Previous electrophysiological studies have concentrated on groups of workers exposed to lead but generally free from neuropathic symptoms, or on those occasional patients with subacute motor weakness associated with lead toxicity. Minor changes in distal motor nerve conduction or CMAP amplitudes have been noted when the level of safe chronic occupational exposure was exceeded.1 9 10 12 13 Our patients showed similar mild abnormalities of motor conduction without clinical motor abnormalities. Sensory nerve conduction has been studied less often in lead exposure. Abnormalities of SNAP amplitude have not been reported, but slight slowing of sensory conduction has.13 Likewise, sensory conduction velocity was slightly prolonged in the median and tibial nerves of our patients, whereas the SNAP amplitudes were not diminished on average, although they were generally towards the bottom of the normal range. Sensory nerve action potentials measure the integrity of the fastest conducting large myelinated fibres. The relative normality of sensory conduction in our patients comes as little surprise given that it does not measure conduction along unmyelinated fibres, mediating sensations such as pinprick, which were those predominantly affected in our patients. Further support for the notion of involvement of predominantly unmyelinated fibre comes from our finding of autonomic abnormalities affecting limb skin and of postural hypotension. Occasionally electrophysiology showed coexisting carpal tunnel syndrome, of little surprise in this population of manual workers and noted previously.19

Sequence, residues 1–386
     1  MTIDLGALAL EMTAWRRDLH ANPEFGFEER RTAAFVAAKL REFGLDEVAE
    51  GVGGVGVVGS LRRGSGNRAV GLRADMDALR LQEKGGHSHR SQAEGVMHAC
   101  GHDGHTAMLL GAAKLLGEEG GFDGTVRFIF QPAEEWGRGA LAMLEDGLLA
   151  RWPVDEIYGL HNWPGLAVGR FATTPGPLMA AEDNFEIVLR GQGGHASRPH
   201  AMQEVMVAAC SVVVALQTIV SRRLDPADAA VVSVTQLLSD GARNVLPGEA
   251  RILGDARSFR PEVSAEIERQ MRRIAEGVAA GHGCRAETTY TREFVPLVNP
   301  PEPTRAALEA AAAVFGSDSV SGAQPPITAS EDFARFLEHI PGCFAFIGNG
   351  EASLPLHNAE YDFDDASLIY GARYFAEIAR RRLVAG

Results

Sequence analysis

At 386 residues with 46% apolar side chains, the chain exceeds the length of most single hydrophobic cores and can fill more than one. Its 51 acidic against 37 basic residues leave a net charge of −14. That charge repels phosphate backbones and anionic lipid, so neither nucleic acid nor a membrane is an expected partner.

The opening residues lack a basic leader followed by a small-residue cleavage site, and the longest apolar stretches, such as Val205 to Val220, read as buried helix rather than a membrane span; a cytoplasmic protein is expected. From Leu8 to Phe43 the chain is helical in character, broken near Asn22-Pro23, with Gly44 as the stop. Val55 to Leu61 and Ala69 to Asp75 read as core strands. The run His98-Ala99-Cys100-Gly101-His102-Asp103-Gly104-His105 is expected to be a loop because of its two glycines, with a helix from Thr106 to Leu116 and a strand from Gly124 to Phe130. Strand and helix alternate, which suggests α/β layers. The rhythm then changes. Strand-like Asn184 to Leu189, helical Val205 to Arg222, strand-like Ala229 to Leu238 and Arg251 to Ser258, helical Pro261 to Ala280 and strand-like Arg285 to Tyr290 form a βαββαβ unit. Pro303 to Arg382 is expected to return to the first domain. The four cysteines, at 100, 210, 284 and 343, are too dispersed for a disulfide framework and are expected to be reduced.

It is likely that two different neuromuscular syndromes can result from lead intoxication: a subacute predominantly motor syndrome and a chronic sensory and autonomic syndrome. Do these two lead induced syndromes have a different pathogenic basis? Electrophysiology provides little clue as studies of the subacute motor presentation largely antedate modern measurement of nerve conduction and mainly report denervation on EMG.4 20 In our sole patient with subacute motor weakness after high intensity short term lead exposure, studied 2 months after presentation, the distal motor latencies were mildly prolonged, motor conduction velocity was normal, and sensory conduction was slightly slowed. Surprisingly, these findings differ little from those in chronically exposed patients who are asymptomatic or who had mild sensory and autonomic features. The striking difference was the massive increase in porphyrins in our patient with subacute motor neuropathy compared with the inconsistent and generally insignificant porphyrin increases seen in our patients chronically exposed to lead with mild sensory and autonomic neuropathy. Relatively little is known about the pathogenesis of subacute muscle weakness in attacks of porphyria, the general consensus pointing to axonal degeneration.21-24 However, porphyric muscle weakness usually recovers more rapidly than would be accounted for by axonal regeneration, and possible impairment of muscle energy metabolism during porphyric attacks has not been investigated. Lead intoxication is known to cause multiple abnormalities of porphyrin metabolism.25 Furthermore, plumboporphyric muscle weakness occurs in the context of normal lead concentrations in those rare patients with ALA dehydrase deficiency.26

We conclude that lead intoxication may affect the neuromuscular system in two different ways. Firstly, the subacute predominantly motor syndrome traditionally associated with high dose lead intoxication is probably secondary to lead induced porphyria. Secondly, our patients with extremely long term lead intoxication manifested a mild sensory and autonomic polyneuropathy which probably reflects a direct neurotoxic effect of lead. Fortunately, future opportunities will be limited for studying the pathogenesis of neuromuscular diseases associated with lead intoxication given the introduction of extensive health and safety controls on workplace exposure.


We are grateful to Mrs E Vesma and Mrs J Wilkinson for preparing the manuscript.